A Leggett school student surveyed the pile of new winter coats and chose the puffy pink one.
An Akron firefighter helped Yesnia Alvarado put on the coat, and she hugged it to her body.
With a big smile, the 6-year-old declared: “I like the pink. Comfy!”
Yesnia was among about 90 Leggett kindergartners who got coats Thursday from Akron firefighters.
The effort was part of a new national program, called Firefighters Coats for Kids, in which firefighters raise money and partner with local companies to cover the cost of new coats for low-income students in their communities. The Akron event was the first in Ohio.
“We want you guys to have a good Christmas,” firefighter Matt Coleman, who organized the event held in the school’s gymnasium, told the students.
Coleman said students need a good winter coat in Ohio because of the cold weather and not having one can be a barrier to education, with students potentially not going to school or becoming ill. He said a struggling family might have to choose between shelter, food and clothing.
“Next year, when these don’t fit, we want you to share the tradition and give your coat to another kid who needs one,” Coleman told the students.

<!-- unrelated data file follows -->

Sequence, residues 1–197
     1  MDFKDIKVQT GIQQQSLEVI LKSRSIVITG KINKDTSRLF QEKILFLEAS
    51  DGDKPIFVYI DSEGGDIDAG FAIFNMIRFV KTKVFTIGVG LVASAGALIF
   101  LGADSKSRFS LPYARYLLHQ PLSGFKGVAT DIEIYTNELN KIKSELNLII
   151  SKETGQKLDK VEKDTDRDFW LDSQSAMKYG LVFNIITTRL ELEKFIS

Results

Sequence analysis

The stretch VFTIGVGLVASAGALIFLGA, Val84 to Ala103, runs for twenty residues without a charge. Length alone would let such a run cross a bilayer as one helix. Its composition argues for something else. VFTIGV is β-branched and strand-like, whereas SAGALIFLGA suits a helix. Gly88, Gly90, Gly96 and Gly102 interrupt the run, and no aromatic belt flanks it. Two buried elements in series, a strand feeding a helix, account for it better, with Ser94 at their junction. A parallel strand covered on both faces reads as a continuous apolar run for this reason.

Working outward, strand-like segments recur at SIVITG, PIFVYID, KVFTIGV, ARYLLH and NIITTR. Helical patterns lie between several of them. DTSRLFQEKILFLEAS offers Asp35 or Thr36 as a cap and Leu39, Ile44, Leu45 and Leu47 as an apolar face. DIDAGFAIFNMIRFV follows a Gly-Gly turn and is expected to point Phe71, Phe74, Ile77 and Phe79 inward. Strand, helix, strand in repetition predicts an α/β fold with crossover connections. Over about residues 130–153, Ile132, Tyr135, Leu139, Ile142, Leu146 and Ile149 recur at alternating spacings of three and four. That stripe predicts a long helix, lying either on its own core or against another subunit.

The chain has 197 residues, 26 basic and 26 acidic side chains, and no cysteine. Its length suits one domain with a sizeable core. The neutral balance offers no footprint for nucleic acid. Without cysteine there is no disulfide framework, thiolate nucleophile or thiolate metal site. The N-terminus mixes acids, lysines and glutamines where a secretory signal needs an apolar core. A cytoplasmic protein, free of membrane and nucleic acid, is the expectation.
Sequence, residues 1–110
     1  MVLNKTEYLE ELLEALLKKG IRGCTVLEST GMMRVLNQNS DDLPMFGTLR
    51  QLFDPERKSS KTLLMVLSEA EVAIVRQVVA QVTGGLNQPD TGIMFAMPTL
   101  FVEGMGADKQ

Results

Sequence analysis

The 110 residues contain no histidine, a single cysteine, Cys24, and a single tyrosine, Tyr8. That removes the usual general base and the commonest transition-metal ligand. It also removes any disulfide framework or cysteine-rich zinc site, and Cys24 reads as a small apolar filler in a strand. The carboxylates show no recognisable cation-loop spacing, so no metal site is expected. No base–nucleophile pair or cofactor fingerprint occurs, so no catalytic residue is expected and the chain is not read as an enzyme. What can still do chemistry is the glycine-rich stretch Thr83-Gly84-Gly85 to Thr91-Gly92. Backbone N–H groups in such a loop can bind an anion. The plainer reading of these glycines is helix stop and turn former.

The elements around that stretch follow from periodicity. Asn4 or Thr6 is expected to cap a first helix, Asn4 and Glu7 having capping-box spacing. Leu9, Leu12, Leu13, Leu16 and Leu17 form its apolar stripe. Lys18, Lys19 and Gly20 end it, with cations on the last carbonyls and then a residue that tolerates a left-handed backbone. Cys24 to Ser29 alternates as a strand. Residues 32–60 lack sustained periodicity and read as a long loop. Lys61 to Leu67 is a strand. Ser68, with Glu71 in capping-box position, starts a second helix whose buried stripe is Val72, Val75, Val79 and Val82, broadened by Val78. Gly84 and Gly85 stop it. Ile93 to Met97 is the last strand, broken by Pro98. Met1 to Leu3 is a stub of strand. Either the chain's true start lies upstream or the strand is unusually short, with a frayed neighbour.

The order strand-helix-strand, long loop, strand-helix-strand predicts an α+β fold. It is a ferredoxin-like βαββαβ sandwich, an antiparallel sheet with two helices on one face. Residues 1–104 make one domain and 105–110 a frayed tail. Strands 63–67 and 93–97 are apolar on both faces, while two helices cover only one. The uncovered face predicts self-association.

“Merry Christmas!” the students responded together, unprompted.
Akron firefighters partnered with TLT-Babcock, Leitner Fabrication and Tansations to help pay for the coats, along with a bouncy house and ice cream with fixings. The kids also had the chance to climb on fire engines and ambulances in the parking lot of the school on East Thornton Street.
Leggett has been getting a lot of love lately, with Leadership Akron adopting the school and delivering backpacks filled with toys, books, crayons, hats, gloves and other goodies last week.
“We are truly blessed — more than I could ever imagine,” Principal Philomena Vincente said.
Vincente said one student told her, “This is better than Christmas today,” while another said, “I’m special with my new coat!”
Coleman is hoping the program can be expanded in Akron next year, with more businesses contributing enough to provide coats for an entire school.
“I hope this inspires other businesses to be part of this next year,” he said. “I’m hoping we can fill the gym.”
Renee Koerner, a spokeswoman for Firefighters Coats for Kids, which is based in Chadds Ford, Pa., was pleased to have Akron join in the program. She’s hoping the effort, which started in August, will catch on in other cities in Ohio and across the country.
The program, which is supported by the International Association of Firefighters, provided coats to 23,000 children in 15 states this year.
“There’s the possibility for this to become very, very big,” she said.
The coats program is a division of the nonprofit Operation Warm. For more information on the program, visit http://operationwarm.org/. Akron-area businesses interested in helping with the local effort may call the fire union at 330-794-8547. If no one answers, they are asked to leave a message and a union official will return the call, Coleman said.